I'm toying around with zippers, where the current element can have a different type than the left and right lists:
data Z a b = Z ([a], b, [a])
One can navigate the zipper with
moveLeft :: (b -> a -> a) -> (a -> b -> b) -> Z a b -> Z a b moveLeft listF currentF (Z (x:xs, c, ys)) = Z (xs, g x c, ((f c x):ys)) moveRight :: (b -> a -> a) -> (a -> b -> b) -> Z a b -> Z a b moveRight listF currentF (Z (xs, c, y:ys)) = Z (((f c y):xs), g y c, ys)
listF transforms a list element and the current one into a list element to the left or right.
currentF transforms the current element and a list element into the current element.
If both the current and the list type are equal, moving is simple:
moveLeftSameType :: Z a a -> Z a a moveLeftSameType = moveLeft const const
and everything works as expected, nice!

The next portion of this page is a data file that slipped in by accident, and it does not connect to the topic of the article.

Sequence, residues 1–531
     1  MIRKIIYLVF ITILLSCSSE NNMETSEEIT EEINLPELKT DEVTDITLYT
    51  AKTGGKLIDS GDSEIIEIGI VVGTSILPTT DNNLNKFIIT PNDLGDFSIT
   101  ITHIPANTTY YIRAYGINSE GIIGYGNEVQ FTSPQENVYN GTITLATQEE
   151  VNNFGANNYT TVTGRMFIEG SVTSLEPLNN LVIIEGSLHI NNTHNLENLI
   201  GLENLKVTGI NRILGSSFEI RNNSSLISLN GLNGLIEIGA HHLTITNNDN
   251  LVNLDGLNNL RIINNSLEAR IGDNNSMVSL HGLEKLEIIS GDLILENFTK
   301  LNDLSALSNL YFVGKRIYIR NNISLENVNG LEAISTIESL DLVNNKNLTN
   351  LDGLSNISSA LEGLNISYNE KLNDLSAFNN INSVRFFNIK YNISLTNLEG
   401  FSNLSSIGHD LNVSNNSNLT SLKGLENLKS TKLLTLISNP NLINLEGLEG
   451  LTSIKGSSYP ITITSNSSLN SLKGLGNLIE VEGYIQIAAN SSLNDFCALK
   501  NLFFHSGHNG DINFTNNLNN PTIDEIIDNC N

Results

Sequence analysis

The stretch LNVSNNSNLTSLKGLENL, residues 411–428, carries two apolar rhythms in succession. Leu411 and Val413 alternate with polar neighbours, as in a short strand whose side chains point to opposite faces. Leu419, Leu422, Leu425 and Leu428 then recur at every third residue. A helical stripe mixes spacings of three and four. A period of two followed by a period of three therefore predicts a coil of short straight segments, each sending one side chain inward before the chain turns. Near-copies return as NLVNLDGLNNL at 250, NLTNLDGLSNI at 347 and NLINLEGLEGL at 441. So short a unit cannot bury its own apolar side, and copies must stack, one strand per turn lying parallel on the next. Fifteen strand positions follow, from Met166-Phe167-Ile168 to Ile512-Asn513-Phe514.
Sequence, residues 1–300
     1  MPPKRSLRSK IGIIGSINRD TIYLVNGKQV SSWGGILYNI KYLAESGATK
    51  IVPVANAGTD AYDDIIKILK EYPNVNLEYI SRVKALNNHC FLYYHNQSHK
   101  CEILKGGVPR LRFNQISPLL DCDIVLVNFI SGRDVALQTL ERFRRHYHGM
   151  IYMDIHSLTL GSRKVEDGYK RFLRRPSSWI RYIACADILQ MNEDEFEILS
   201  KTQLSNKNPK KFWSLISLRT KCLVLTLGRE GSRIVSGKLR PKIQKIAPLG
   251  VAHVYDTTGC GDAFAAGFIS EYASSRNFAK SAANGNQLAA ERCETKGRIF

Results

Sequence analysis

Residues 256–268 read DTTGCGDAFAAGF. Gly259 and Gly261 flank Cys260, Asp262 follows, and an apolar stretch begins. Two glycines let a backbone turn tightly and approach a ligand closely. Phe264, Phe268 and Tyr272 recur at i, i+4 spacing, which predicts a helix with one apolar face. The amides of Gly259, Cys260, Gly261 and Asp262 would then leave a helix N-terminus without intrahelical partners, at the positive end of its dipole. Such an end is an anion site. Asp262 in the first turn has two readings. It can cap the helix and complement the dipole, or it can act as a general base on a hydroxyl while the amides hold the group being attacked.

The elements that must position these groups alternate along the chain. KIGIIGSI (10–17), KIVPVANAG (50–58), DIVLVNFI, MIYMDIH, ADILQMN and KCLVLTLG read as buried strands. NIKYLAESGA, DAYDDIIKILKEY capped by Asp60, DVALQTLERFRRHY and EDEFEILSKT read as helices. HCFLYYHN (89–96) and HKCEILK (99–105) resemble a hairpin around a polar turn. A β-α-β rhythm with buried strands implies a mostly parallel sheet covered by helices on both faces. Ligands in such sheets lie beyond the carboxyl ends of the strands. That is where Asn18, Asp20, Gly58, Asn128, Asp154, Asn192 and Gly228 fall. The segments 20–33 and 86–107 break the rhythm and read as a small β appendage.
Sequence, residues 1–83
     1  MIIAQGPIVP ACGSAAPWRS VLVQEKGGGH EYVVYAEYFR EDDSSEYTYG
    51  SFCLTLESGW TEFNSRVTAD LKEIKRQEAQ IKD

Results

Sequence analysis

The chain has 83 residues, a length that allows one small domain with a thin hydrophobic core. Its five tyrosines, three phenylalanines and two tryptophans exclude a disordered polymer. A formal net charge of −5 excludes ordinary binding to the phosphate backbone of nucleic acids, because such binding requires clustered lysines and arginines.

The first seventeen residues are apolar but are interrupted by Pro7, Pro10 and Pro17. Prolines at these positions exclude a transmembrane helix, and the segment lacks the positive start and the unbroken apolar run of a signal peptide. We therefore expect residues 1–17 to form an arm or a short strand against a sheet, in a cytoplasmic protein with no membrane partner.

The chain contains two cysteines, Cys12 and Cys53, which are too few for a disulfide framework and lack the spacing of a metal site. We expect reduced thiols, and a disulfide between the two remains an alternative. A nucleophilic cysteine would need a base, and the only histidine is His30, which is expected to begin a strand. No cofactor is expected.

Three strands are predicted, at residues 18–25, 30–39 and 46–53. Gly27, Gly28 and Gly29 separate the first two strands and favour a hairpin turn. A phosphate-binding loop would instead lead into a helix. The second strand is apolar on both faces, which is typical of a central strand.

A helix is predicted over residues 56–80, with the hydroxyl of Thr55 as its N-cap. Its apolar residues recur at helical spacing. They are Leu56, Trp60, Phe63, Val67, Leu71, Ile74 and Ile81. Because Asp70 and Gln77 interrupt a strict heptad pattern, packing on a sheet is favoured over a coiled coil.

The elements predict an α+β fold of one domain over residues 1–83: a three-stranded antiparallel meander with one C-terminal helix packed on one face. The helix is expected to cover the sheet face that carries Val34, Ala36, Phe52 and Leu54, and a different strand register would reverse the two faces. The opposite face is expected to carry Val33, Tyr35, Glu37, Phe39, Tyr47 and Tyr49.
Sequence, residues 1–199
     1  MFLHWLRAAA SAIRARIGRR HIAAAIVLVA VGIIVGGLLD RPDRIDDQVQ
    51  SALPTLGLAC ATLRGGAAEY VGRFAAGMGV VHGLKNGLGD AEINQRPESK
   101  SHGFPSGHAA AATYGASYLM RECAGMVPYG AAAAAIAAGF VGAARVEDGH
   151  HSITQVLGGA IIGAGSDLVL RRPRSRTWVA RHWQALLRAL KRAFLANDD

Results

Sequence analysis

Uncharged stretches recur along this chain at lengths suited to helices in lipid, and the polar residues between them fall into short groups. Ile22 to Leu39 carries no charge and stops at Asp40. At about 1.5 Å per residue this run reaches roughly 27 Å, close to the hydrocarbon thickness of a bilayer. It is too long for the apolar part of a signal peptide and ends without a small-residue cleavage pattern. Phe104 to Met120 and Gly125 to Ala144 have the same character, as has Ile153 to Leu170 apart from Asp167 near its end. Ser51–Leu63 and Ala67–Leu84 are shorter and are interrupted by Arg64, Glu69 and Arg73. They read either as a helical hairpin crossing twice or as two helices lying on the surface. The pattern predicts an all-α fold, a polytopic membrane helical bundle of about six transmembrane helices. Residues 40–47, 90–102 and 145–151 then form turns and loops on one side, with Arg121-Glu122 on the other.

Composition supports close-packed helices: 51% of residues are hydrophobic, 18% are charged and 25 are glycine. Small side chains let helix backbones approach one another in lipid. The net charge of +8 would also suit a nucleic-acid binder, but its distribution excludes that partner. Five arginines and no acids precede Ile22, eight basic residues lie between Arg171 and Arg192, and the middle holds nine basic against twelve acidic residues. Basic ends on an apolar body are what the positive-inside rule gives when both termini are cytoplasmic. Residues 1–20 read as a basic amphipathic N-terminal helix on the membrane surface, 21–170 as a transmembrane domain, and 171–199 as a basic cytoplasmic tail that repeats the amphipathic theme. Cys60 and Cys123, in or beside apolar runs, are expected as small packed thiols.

What I'd like to do now is to generalize the above idea, such that by only implementing the
currentF functions for a given
Z a b (say
a :: Char,
b :: Int),
moveRight do the right thing automagically. What would be the correct way to do this?
I have tried to implement a class like this:
class CPos a where listF :: c -> d -> d currentF :: d -> c -> c moveLeft :: a -> a moveRight :: a -> a
moveLeft/Right are implemented in terms of
currentF, but this fails with
The class method `listF' mentions none of the type variables of the class CPos a
Something I don't like about the above idea in general is the fact that be allowing arbitrary functions
currentF it's impossible to guarantee
moveLeft . moveRight = id
(if the zipper is within the list, on the borders this doesn't hold anyways). Any hints to enforce this?